Detroit’s hurtling roadways have sliced a metropolitan area encompassing 139 square miles - a patchwork mesh that’s undergoing a revival. Thanks to dozens of grassroots efforts, formerly neglected and blighted neighborhoods have emerged as successes since the city’s bankruptcy in July 2013. Urban farms, meadows and patches of woodland have emerged the Neighborhood Beautification Program (NBP), embracing stormwater principles, habitat restoration and the preservation of wild spaces as an intended part of a city design.

The Nolan district in District 3 on the east side of Detroit is home to a standout case study. Butted against the I-75, a main artery connecting the downtown Detroit to Michigan’s northern frontier, 29 parcels of land with Nolan have been cleaned up and pointed towards nature. A collaboration steered by non-profit Rescue MI Nature Now  has involved university students, local residents and city youth in a clean-up effort that started in 2019. University of Michigan-Dearborn Dr. Paul Draus has helped frame the project within the broader concept of Urban Acupuncture, enhancing spaces by making small changes the catalyze systematic change.

Youth plantings

Founded by Tharmond Ligon Jr. in 2019, the 501c(3) acquired the plots from Detroit Land Bank Authority. Outdoor plantings include 100 trees (23 donated by The Sterling Group) and flower gardens with Solidago (goldenrods) to providing food for honeybees. Industrial hoophouses open the prospect of year-round growing, with kale, cauliflower, beets, Swiss chard, radish, mustard greens and dill being grown and sold at both an on-site and nearby farmers markets. An alley on the east side of the plot has been cleared, and invasive species have buried according to traditional Hügelkultur techniques.

Beyond the pool of student volunteers, Rescue MI Nature now have trained and supervised youth from the City of Detroit and surrounding areas to help clean up and manage the gardens. Youth program GDYT helps to recruit paid youth from the city - 30 people have participated with eight committing to daily contributions. Team members are also taught how to sell the produce they grow at Eastern Market and the Palmer Park Farmers Market. Go Cutters Lawn Care (Facebook), a neighborhood business helps mow and maintain properties when youth go back to school.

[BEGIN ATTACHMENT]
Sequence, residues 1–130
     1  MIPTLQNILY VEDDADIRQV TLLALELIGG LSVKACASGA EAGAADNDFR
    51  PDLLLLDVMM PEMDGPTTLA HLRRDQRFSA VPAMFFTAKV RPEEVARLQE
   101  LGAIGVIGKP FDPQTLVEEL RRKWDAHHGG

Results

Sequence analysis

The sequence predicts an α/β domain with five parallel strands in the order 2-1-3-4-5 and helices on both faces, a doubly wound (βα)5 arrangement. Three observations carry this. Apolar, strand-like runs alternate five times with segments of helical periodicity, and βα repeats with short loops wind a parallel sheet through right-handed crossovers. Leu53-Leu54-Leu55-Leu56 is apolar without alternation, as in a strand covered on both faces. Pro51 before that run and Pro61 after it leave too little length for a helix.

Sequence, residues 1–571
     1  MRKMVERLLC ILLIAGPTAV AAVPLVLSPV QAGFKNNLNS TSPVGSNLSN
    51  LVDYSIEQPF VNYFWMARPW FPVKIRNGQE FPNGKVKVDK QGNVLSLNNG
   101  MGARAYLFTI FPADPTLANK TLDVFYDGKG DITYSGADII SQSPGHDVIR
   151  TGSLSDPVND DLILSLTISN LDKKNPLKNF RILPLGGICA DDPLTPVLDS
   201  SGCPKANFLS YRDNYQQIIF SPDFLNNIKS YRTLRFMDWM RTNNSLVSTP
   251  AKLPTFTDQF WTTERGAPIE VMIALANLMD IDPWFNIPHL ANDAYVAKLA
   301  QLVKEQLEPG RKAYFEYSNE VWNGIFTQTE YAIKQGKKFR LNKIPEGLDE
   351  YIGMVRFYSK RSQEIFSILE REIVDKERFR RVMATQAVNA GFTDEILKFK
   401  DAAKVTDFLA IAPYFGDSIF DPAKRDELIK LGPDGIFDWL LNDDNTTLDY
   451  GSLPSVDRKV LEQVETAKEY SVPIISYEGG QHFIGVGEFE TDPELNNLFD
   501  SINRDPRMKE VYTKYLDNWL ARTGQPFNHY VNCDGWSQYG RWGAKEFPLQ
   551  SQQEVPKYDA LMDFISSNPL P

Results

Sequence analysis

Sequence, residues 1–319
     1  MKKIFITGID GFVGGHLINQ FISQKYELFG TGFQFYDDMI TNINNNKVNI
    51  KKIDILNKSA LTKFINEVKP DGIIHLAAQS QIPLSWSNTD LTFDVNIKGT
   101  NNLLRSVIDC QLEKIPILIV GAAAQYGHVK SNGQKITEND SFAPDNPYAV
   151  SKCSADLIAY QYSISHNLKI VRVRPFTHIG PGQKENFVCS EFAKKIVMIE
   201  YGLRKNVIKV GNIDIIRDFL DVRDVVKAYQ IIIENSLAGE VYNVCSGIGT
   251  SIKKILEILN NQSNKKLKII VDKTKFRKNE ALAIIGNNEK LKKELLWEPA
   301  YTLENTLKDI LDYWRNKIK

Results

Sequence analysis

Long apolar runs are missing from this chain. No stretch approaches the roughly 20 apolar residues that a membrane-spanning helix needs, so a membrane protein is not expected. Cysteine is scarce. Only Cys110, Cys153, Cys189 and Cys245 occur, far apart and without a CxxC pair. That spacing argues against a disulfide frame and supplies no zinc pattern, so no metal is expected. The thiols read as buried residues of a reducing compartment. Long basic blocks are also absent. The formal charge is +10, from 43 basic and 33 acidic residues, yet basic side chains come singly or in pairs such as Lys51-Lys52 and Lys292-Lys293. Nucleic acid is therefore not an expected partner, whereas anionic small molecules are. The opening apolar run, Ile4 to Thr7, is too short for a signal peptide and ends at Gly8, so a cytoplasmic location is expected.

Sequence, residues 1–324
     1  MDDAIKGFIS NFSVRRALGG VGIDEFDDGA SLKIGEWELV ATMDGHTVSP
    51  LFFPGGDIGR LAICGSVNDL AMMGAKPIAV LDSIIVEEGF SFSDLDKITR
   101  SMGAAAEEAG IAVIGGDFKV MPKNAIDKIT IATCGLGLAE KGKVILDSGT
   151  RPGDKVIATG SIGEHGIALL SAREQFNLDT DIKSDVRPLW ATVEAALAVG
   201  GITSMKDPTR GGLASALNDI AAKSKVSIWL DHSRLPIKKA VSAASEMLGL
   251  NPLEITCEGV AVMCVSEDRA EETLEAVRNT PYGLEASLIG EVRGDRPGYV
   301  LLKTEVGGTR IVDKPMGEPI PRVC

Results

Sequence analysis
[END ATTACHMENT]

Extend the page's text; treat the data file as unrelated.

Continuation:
Next steps

Upcoming is the introduction of native hedgerows with red clover, horsemint, Japanese Spiraea japonica. A Black Willow sapling has been planted in a smaller plot, surrounded by yarrow beds. Funding of $14,990 from Neighborhood Beautification Grant will contribute to transform and beautify 4 vacant lots. Huntington Bancshares have contributed to the RMNN innovative educational studios which will feature a culinary and pollinator studio.

Tharmond Ligon Jr. speaking on November 2nd at Derby Street

On November 2nd, Mayor Duggan and Council President Sheffield celebrated 34 recipients of 1st Neighborhood Beautification Program grants - ranging from $500 to $15,000 to support neighborhood clean-ups, community gardens, and public space activities. A total of almost $500,000 has been donated to groups across Detroit, representing all seven City Council districts. Youth participant Jacob Williams spoke at the event - Jacob has been participating on Derby Street since its inception, when he was just nine years old.

“We know that it can be hard for those who grow up in poverty to succeed without proper nutrition,” Ligon said. “I grew up on Derby, and moved back here in 2018, so I know the challenges in having access to healthy food. We’re also instilling in these youth skills they can use for the rest of their lives and will hopefully share with others and future generations. This grant will allow us to continue our beautification efforts, while educating Detroit youth and others about the quality-of-life benefits in their own neighborhoods.”

Water tank harvesting from roof

The national picture

NBP is part of the Neighborhood Improvement Fund (NIF), championed by Council President Sheffield as part of the development deal for the Detroit Pistons’ new headquarters and training facility in District 5. The initial funding for the program is $2.25 million over three years, which includes $1.25 million in American Rescue Plan Act (ARPA) funding and $1 million in NIF funding. NIF dollars are derived from the net income tax revenue collected from NBA players’ salaries during home games played at Little Caesars Arena and the salaries of Pistons and Palace Sports & Entertainment employees.

Detroit has a way to go. 25,000 side lots are vacant, with other abandoned plots used for illegal dumping (see Sea of Tires on YouTube). But the precedent on Derby Street demonstrates that spaces can be revived, maintained and converted into productive spaces - a yardstick for Detroit and other area metropolitan areas handling neglected patches and places.

For more information on Rescue MI Nature Now and Derby Street, visit and find them on Instagram via @rescuenaturenow